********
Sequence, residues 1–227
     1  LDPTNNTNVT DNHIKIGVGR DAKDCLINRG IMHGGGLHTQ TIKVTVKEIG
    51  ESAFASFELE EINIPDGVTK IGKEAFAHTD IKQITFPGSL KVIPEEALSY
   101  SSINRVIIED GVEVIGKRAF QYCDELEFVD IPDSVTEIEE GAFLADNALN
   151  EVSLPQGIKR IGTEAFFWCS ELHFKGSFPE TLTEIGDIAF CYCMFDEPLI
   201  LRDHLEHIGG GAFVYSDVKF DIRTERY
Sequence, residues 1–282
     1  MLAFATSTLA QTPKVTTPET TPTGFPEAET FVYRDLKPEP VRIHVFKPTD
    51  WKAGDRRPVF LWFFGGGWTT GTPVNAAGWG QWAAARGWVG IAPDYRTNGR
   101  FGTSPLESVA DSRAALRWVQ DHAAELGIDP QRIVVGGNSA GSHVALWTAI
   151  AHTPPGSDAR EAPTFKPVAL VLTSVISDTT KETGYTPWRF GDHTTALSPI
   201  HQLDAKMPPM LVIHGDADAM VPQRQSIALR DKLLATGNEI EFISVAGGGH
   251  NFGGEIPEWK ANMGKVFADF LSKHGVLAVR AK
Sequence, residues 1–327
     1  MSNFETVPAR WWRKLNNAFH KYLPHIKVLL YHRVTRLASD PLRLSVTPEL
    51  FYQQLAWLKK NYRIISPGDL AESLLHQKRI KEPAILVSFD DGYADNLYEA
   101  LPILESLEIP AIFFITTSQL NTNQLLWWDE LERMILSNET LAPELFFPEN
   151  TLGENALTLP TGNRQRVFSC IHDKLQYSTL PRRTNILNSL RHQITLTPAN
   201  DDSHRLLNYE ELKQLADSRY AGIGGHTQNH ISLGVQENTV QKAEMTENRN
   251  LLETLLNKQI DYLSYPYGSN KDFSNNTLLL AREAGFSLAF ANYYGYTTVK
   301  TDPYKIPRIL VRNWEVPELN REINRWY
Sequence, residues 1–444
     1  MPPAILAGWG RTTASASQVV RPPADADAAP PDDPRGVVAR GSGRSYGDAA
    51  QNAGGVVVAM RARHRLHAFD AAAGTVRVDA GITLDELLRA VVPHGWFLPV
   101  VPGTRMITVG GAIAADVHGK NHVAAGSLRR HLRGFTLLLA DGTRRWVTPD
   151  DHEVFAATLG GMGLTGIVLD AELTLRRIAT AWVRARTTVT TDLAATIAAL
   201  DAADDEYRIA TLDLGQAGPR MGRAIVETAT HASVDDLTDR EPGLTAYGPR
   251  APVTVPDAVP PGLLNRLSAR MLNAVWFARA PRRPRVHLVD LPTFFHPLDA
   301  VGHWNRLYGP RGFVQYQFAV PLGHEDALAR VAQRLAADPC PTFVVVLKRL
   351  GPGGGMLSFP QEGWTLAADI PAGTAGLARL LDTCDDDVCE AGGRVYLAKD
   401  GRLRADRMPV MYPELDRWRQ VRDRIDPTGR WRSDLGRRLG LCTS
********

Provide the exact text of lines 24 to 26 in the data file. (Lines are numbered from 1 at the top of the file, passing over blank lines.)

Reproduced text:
    51  QNAGGVVVAM RARHRLHAFD AAAGTVRVDA GITLDELLRA VVPHGWFLPV
   101  VPGTRMITVG GAIAADVHGK NHVAAGSLRR HLRGFTLLLA DGTRRWVTPD
   151  DHEVFAATLG GMGLTGIVLD AELTLRRIAT AWVRARTTVT TDLAATIAAL